The Operation Florian project team have recently return from a successful visit to Macedonia where they have secured agreement from key national stakeholders to deliver a blue light emergency service inter-operability programme to improve response and operational effectiveness at road traffic collisions.
Representatives from the Ministry of Health, Ministry of Interior, Fire and Rescue Service and Directorate of Protection and Rescue met to agree to support the project and move forward with the planning for delivery in May 2016.
Currently, Macedonia suffers from 8 road deaths per 100,000 head of population. Comparatively, these statistics are over double that of the UK. There has been concerned voiced by representatives within the various national institutions that rate of fatalities is increasing and that this is beginning to constitute a major public health issue that must be addressed.
Operation Florian has been working in partnership with fire and rescue services around the country for the past 8 years. During this time there has been a significant improvement in the operational capacity within the fire and rescue service attending fire related incidents and road traffic collisions.
In 2008, the Directorate of Protection and Rescue, the national agency for civil protection and emergency response training, requested Operation Florian undertake a review of the overall operational capacities of the fire and rescue service and governing framework. One major area of concern identified was that less than 10% of the country was covered by fire services equipped to attend road traffic collisions .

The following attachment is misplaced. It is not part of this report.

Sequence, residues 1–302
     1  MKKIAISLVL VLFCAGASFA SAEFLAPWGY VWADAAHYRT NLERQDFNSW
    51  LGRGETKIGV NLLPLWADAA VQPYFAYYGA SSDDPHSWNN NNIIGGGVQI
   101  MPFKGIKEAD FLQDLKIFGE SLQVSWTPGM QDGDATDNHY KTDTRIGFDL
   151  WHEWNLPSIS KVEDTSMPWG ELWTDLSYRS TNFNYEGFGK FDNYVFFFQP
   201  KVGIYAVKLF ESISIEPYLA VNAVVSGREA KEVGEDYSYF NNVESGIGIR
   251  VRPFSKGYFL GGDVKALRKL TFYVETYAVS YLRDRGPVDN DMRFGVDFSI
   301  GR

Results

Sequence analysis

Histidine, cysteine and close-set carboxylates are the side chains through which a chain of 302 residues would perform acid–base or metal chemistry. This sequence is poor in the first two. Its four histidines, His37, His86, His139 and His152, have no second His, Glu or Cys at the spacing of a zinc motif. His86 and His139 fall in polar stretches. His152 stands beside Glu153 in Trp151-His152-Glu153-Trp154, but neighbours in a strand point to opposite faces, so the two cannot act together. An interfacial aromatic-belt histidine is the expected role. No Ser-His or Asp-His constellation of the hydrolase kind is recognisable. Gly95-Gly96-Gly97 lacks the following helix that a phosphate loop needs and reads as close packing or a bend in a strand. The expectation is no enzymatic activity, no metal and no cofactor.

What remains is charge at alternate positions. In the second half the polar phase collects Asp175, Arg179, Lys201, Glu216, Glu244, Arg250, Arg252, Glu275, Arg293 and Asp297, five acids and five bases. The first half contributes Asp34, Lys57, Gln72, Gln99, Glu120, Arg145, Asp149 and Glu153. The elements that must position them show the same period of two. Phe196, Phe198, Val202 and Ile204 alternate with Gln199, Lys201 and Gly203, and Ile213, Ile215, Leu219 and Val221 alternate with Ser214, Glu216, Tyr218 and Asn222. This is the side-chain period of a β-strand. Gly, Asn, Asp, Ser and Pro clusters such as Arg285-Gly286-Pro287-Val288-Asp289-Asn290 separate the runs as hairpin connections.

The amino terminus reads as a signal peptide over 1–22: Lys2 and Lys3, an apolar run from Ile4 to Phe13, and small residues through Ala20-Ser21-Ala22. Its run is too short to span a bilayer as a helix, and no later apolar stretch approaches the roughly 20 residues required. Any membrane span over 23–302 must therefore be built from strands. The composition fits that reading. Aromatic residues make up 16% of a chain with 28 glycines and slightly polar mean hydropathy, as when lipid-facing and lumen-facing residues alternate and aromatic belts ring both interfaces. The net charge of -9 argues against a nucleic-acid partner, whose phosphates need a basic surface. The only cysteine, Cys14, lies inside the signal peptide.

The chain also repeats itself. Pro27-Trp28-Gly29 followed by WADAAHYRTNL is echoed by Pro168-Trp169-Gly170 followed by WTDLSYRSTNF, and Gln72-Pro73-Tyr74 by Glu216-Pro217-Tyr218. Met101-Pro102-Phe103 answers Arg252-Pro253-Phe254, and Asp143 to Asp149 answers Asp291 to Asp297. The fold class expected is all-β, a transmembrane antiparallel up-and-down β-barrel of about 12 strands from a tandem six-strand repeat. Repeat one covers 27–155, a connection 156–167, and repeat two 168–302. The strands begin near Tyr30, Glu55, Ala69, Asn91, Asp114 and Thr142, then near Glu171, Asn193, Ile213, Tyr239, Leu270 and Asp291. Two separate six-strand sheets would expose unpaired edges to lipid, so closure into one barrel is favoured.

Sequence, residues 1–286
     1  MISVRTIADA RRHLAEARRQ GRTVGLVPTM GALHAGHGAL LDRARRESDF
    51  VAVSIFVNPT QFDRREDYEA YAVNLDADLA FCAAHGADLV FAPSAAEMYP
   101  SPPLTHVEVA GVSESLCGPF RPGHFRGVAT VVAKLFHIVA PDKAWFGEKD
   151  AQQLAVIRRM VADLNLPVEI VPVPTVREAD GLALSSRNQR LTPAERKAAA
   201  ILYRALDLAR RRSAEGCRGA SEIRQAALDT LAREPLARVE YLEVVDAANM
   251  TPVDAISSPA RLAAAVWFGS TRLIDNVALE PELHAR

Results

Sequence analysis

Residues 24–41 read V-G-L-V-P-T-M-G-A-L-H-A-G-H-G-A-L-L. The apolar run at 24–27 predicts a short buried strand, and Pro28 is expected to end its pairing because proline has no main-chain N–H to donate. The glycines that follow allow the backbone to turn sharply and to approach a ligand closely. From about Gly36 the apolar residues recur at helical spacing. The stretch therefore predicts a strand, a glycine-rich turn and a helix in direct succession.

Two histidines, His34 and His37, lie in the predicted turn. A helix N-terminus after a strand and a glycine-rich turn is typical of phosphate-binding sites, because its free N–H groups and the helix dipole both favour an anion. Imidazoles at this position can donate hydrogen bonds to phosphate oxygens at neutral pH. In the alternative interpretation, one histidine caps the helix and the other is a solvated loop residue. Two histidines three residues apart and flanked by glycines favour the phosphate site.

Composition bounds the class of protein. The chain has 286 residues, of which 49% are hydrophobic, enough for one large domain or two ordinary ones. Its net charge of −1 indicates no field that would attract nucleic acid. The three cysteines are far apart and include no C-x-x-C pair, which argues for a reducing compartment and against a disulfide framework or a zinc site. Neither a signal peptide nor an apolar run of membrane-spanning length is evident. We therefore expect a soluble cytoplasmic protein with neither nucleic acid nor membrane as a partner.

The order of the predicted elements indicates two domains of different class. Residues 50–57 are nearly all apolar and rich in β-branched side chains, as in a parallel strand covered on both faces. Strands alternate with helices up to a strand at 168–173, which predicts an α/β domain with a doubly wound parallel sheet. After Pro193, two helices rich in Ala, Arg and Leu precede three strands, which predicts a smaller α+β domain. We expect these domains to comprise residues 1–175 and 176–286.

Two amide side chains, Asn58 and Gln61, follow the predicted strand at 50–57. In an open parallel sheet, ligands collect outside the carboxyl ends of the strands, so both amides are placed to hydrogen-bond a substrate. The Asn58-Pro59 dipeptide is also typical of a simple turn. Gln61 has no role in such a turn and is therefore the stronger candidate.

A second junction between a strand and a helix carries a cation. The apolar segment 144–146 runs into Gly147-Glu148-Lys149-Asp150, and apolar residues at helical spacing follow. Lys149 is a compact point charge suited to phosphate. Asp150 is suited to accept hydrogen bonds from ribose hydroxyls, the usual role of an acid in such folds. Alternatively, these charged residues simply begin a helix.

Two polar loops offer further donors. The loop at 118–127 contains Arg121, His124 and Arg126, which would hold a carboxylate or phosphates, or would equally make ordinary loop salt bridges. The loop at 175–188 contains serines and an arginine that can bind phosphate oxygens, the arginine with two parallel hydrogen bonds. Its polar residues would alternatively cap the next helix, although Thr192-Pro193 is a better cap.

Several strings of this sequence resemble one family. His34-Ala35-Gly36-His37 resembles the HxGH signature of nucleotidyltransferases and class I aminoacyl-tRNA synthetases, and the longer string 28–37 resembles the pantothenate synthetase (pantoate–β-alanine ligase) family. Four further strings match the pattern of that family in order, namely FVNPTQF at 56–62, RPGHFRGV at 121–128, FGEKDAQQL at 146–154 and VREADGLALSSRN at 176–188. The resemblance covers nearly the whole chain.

A major strand of the capacity building project involved the donation of technical rescue equipment and the development of rescue skills amongst firefighters. This was further supported with training road traffic collision rescue instructors. The project has now increased the capacity to attend road traffic collisions to approximately 80% of the country with all the major motorway networks and roads covered.
After a project performance review undertaken by the project team analysis revealed that there ha been improvements and lives had been saved on account of the donations and training. However, there still appeared to be a disconnection between the fire and rescue service and other emergency responders regarding the awareness of their rescue capabilities and the overall contribution they could make to increasing survivability rates. Needlessly, a further consequence was that this reduced the opportunities to be mobilised to incidents.
The proposed pilot programme is modelled on the JESIP (Joint Emergency Service Inter-Operability Programme) principles used in the UK. The programme will be delivered in three locations which have been selected on the basis of location, road networks and levels of fatalities and serious injuries occurring.
Front line first responders from each emergency service will train together during the day’s programme focusing on the roles and responsibilities of each emergency service who attend RTC’s incorporating the guiding principles of the JESIP programme.
A key starting point to this project is clearly underlined by the incredible commitment of all the national stakeholders. There is still a great deal of work to be completed by the project team. Nevertheless, with such support offered the project presents an exciting challenge to the team.
Operation Florian wants to thanks all the representatives from the national institutions for attending and the Directorate of Protection and Rescue for hosting and chairing the meeting.